The sun had nearly completely vanished out of sight, leaving nothing but a blood-red trail of clouds around us. I guess they were just as upset to see this girl as I was. She stopped the carousal some how, “Get on Mr Tiger!” she demanded, in a soft but firm manner. I figured the least I could do was do as she wished. I got on, and the carousal continued. For awhile we went around in silence, I guess, I didn’t know what to say to her. What was there to say? I mean, she’d already told me she didn’t have a family. I guessed she ate grass dirt, and ate it in rather large portions. Was there anything I could do to make her life any better?

“My name’s Anne. What’s yours mister?” I heard come from the other side of the ride.

I grimaced for a moment before answering, “Hi Anne, my name is Jacob.”

We kept on going. Around and around and around. Then around some more. She never got tired of it – or dizzy; whilst I had nearly reached my limit and was about to puke. She continued to laugh, and scream, and have fun with ‘Mr Fwoggy’. It brought an ear-to-ear smile to my face. You know those smiles when somebody makes you blush or something? And you can do nothing but smile? That was me at that moment. I decided that I should just enjoy it, and enjoy ‘Mr Tiger’ and embrace the moment.

The street lamps sizzled to life, one by one, until there was a runway-like road of bright white lights. I looked up to the sky, but the even the stars couldn’t penetrate the unusually bright streetlights. At that moment; they (the streetlamps) flashed simultaneously and blinded me for a second. The next thing I heard was “Thank you, for everything, Mr Jacob! I love you, and I could sense that you love me too! And that’s all I wanted. I just wanted to be loved. Now that I have it, I can go to the big playground where all the other kids are! Goodbye.”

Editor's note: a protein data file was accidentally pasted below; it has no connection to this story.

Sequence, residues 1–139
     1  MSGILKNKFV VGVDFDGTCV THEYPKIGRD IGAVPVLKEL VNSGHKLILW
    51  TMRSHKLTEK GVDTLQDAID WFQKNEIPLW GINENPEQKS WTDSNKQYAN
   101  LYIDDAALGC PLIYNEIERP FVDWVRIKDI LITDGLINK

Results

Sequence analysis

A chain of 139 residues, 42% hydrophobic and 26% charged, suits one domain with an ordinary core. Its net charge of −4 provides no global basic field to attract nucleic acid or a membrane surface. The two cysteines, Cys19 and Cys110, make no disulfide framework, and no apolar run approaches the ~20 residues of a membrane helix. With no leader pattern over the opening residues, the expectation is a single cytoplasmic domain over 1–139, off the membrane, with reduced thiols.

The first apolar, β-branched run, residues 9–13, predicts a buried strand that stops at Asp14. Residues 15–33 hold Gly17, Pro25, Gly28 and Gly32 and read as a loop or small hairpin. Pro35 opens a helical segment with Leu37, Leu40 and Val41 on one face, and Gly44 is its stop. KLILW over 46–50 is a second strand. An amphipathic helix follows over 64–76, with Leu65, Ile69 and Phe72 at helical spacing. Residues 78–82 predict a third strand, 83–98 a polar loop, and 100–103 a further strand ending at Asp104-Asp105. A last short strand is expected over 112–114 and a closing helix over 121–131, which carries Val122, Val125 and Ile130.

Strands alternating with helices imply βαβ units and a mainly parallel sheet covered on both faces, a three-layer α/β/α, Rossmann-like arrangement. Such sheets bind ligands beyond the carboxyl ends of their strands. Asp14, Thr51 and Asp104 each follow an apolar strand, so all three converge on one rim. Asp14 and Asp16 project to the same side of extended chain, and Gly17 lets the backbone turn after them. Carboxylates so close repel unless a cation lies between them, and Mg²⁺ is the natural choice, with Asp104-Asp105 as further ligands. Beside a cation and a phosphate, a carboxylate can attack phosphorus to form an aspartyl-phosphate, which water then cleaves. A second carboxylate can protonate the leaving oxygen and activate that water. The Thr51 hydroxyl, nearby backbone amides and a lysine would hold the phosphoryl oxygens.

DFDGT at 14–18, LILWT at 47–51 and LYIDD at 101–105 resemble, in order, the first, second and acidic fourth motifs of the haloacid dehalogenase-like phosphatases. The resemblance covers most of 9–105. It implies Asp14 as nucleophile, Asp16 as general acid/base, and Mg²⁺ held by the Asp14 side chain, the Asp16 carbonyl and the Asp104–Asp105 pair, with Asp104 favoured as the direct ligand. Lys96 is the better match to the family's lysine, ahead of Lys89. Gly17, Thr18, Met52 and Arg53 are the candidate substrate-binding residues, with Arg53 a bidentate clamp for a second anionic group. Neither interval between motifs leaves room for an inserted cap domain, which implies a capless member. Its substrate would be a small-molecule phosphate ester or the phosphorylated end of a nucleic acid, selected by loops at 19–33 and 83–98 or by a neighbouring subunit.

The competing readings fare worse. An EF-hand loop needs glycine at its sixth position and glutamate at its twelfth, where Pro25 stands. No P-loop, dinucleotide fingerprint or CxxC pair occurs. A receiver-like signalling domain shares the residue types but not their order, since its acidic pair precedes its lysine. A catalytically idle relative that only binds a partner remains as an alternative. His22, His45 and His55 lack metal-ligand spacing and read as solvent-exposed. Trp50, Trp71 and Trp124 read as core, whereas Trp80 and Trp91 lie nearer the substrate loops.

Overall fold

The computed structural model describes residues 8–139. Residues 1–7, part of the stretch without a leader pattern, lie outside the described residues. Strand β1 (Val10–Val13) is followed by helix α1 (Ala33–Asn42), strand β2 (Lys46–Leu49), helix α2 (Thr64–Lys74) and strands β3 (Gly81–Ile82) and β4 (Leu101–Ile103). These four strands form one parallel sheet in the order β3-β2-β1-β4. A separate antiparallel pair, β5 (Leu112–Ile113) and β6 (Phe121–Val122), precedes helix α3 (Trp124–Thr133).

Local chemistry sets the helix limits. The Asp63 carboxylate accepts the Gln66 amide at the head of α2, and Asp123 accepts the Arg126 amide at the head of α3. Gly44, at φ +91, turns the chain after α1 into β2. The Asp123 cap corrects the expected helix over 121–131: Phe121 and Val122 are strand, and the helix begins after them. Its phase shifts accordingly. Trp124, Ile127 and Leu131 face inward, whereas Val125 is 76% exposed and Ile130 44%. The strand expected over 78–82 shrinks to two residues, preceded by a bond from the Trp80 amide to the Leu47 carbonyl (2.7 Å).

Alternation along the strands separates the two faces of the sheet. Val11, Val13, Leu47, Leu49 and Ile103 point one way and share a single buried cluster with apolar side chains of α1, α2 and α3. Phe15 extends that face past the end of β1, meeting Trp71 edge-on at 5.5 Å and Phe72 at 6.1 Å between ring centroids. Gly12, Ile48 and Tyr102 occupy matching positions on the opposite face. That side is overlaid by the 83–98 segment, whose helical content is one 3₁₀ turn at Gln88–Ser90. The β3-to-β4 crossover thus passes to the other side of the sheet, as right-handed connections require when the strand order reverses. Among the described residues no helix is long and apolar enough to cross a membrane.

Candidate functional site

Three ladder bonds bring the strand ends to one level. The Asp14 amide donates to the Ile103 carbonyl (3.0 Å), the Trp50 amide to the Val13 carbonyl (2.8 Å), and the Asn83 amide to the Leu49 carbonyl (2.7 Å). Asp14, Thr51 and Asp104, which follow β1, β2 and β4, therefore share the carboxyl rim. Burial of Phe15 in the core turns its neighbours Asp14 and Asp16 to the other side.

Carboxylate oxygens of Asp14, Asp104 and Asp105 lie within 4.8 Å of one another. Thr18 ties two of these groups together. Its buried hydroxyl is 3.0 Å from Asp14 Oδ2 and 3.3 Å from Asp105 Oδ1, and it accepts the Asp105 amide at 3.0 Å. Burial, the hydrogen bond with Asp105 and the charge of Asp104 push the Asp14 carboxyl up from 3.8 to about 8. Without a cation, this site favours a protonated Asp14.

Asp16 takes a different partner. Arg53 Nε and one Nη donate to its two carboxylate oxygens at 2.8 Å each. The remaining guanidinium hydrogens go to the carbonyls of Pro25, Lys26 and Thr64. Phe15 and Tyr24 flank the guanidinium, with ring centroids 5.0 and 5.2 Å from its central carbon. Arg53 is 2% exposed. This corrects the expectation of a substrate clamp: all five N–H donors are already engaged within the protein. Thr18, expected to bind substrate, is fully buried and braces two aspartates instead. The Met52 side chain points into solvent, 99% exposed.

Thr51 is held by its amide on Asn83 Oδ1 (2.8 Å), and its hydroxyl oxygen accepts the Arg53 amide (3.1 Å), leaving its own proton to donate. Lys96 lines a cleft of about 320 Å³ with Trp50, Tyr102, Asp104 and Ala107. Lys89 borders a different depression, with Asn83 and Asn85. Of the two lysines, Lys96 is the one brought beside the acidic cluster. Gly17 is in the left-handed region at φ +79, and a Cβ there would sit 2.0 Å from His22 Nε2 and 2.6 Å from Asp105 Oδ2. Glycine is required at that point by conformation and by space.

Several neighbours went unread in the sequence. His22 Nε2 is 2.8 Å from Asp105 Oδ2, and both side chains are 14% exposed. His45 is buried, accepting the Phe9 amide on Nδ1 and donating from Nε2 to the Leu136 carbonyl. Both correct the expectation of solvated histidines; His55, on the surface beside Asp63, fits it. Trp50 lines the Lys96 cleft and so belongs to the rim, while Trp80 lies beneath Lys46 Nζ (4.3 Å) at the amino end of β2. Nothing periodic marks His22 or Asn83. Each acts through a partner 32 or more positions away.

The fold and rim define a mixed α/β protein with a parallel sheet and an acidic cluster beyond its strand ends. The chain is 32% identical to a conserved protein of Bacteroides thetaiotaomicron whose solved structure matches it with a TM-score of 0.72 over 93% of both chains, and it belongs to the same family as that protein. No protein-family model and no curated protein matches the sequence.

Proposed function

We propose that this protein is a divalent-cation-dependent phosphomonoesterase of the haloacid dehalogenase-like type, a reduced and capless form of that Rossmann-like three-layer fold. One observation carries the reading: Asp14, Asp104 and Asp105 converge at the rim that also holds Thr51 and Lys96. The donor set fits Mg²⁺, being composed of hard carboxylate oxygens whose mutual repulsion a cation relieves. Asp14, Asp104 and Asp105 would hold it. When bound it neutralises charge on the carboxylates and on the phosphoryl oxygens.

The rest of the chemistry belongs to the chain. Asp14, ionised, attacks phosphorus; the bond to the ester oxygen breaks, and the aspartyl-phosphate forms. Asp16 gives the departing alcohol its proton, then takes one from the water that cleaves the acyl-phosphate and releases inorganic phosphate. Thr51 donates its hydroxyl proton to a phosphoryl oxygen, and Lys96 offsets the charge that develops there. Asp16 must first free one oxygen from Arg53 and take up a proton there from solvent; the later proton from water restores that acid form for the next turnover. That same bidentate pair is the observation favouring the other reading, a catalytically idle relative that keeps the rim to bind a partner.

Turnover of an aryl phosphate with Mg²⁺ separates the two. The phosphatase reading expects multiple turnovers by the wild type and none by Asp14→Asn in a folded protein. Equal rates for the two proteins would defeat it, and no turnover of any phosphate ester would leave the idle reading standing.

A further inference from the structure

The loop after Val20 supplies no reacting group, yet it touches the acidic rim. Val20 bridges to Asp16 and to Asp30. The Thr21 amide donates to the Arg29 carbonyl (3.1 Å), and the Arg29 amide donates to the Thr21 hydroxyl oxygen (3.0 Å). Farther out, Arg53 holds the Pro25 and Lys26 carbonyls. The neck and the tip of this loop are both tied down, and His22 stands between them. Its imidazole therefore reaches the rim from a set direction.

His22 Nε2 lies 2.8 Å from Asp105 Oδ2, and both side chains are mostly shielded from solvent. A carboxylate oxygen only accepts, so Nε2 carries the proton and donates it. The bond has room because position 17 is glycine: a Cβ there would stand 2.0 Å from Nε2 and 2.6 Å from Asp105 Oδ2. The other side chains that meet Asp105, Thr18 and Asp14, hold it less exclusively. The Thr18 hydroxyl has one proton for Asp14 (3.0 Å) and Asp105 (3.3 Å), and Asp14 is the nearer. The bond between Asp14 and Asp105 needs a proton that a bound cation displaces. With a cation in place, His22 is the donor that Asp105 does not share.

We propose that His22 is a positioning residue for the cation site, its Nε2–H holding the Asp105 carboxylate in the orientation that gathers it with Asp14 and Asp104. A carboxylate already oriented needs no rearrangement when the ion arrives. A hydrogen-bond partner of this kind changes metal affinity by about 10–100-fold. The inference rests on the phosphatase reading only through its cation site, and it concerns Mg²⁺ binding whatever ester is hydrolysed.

The lights dimmed, and I was alone on the carousal, on Mr Tiger…

What just happened?

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12 thoughts on “Weekly Writing Challenge: Alone in the Playground.

    • Thank you, I tried to make her voice sound innocent and as ‘child like’ as I possibly could. Yeah, it is a shame though, really really sad. I would love to help them, seriously!

  1. This is bittersweet. She kind of scared me at first; there’s something sinister about kids and their ability to lure people in but knowing full well that some of them are streetwise.

    Then I grew to love her because, she is a child after all. What I was really interested by was the narrator. It was very much a reflection of his own childhood and dark memories. He was kind enough to keep her company (despite how people view adult and children relationships these days) but he was also very honest in how he envied her youth and ability to be happy. Then the realisation that his kindness towards her went a long way was a lovely end.

    It’s sweet, but its sad that Jacob never had that but was still capable of extending it. Thanks. Sorry for the rant, I review films and plays 🙂

    • No no. Rant all you like! I am glad you enjoyed it and I’m thankful for the mini-review lol. I really do appreciate it.

      Yeah, it is a kind of unusual story isn’t it, I don’t even know where it came from, I was just typing and it all seemed to make sense in some strange way! Haha. Thank you again for the comment!

  2. Being loved as a kid, is so very important, no?

    Reading first few paras of the story I felt like, what would Jacob do now? The girl just needed to be seen as she was, a kid. Jacob, is a pretty little kid himself, but he is much understanding in this scenario. First he is surprised than jealous and than a much needed friend. It’s amazing how simple turn of events make the story so beautiful.

    I am glad the story turned out to be so, finally the little one felt loved!! You write well!

    • Yes love as a child is very much needed!!! And ah thank you very much, I am glad you enjoyed the read new friend 🙂 hopefully I can continue to grow as a blogger and develop my writing style more!